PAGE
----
The 7-day average for daily cases now stands at 81,487 and continues to accelerate markedly. Daily deaths now average 823. Deaths are increasing but so far are accelerating only a little. This past week saw another record for highest number of cases in a single day at 99,321. Some trackers put the number over 100,000. (There are differences between trackers for a variety of reasons. For example, what time of day they cut off.) This next we will likely see multiple days in six digits and a daily case average in the mid ninety thousands. Here’s the national chart.
At our current rate, we are adding a million new cases every 12 days. Here is a 10 day projection based on the current numbers. I’ve adjusted the projection to account for acceleration in the case numbers but have left the death numbers at the current rate of increase.
These numbers show only cases and deaths, but these really aren’t the only costs of infection. Many infections result in long term health damage even when they are not fatal. Lung, heart, and neural damage are among the long term consequences we know about. Others are suspected but not yet proven. So while there is cause for celebrating the relatively low death rates so far in this surge, they aren’t the whole story. Even if nobody died, the health consequences of this many cases would still be staggering.
This surge continues to be very widespread. We are now up to 30 states with a 7-day average of more than 1000 cases. There is still a lot of room for more growth in these numbers. Given the holiday season and the open borders between states, it will be difficult for a single state to bring its numbers down with merely state level restrictions. Infections will tend to seed across borders as people visit friends and relatives.
It’s difficult to know what to do about holiday travel. Yes, in an ideal world we would all stay in our own homes. However, there are always cases that beg for exceptions: an elderly relative who may not make it another year, a child who has been away from home for the first time and needs the emotional support, a once in a lifetime opportunity that requires travel, etc. Of course each of us feels that with all our precautions, we are unlikely to be infected. Furthermore, it’s true, each of us IS unlikely to be infected. At 100,000 cases per day, only 0.03% of the population is infected each day. If we take that to be the chance of infection per day for a careful traveller, the chance of infection sometime during that week is 0.2%. Though this is far too simplistic a way of looking at the chances, it’s clear that the chance of a particular traveller getting infected is low. The problem is that there are a lot of travellers and that each of them has a higher risk than if they had stayed home, as do all of the people whom they visit. The risk to the population is far greater than the risk to any individual traveller.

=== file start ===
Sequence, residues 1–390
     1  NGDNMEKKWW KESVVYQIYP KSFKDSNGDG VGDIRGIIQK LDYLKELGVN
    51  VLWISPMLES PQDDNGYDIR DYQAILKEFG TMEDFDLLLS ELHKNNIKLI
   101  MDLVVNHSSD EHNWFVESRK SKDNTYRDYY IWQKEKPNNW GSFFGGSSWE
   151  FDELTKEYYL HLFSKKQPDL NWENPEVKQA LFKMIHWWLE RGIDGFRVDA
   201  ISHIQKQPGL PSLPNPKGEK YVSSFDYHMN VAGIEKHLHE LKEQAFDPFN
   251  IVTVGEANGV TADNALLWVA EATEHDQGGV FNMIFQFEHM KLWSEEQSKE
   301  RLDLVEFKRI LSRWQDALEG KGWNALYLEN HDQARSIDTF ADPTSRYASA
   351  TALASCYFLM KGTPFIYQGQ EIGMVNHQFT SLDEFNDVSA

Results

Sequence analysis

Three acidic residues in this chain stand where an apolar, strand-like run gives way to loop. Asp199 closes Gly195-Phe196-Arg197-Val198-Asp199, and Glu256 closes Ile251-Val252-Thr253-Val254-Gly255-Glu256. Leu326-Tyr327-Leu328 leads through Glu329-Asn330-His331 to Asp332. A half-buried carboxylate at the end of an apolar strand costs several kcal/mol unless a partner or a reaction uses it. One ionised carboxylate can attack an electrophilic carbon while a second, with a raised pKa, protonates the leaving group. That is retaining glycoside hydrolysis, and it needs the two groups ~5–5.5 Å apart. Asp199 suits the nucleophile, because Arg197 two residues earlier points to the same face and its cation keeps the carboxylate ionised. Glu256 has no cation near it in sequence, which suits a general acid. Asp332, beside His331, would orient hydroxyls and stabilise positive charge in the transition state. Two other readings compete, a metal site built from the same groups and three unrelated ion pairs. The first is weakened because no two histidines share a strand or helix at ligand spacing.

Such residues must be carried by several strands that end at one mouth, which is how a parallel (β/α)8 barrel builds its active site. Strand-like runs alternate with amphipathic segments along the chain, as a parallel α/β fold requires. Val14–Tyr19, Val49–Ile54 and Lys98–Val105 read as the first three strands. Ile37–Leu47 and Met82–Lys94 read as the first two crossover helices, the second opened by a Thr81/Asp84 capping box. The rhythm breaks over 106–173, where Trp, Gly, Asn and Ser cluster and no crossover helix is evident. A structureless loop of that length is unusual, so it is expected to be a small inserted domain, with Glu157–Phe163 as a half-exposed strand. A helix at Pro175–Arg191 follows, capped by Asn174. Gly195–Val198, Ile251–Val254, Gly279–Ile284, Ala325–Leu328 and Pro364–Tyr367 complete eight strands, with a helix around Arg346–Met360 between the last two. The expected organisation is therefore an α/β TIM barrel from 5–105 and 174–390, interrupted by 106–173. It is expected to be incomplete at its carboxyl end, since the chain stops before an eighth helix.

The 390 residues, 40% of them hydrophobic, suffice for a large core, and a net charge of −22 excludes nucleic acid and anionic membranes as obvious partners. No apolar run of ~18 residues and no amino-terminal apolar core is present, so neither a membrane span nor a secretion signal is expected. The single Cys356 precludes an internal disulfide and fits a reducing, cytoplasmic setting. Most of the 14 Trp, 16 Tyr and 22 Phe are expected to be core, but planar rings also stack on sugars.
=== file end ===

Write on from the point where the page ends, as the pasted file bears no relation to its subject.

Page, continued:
I’m not going to presume to make decisions for other people in the specific contexts of their lives; I’m sure each of them could find something in my choices to criticize. However, I will urge that we all exercise as much caution as we can in our own circumstances. Wear a mask. Wash your hands. Avoid indoor gatherings where possible. If you must gather indoors, keep your distance, open windows, increase ventilation, invest in a HEPA filter that is overpowered for the room, etc. The more cautious each of us is within our own circumstances, the fewer dead and debilitated there will be come spring. So please, be as cautious as you can. I will do the same.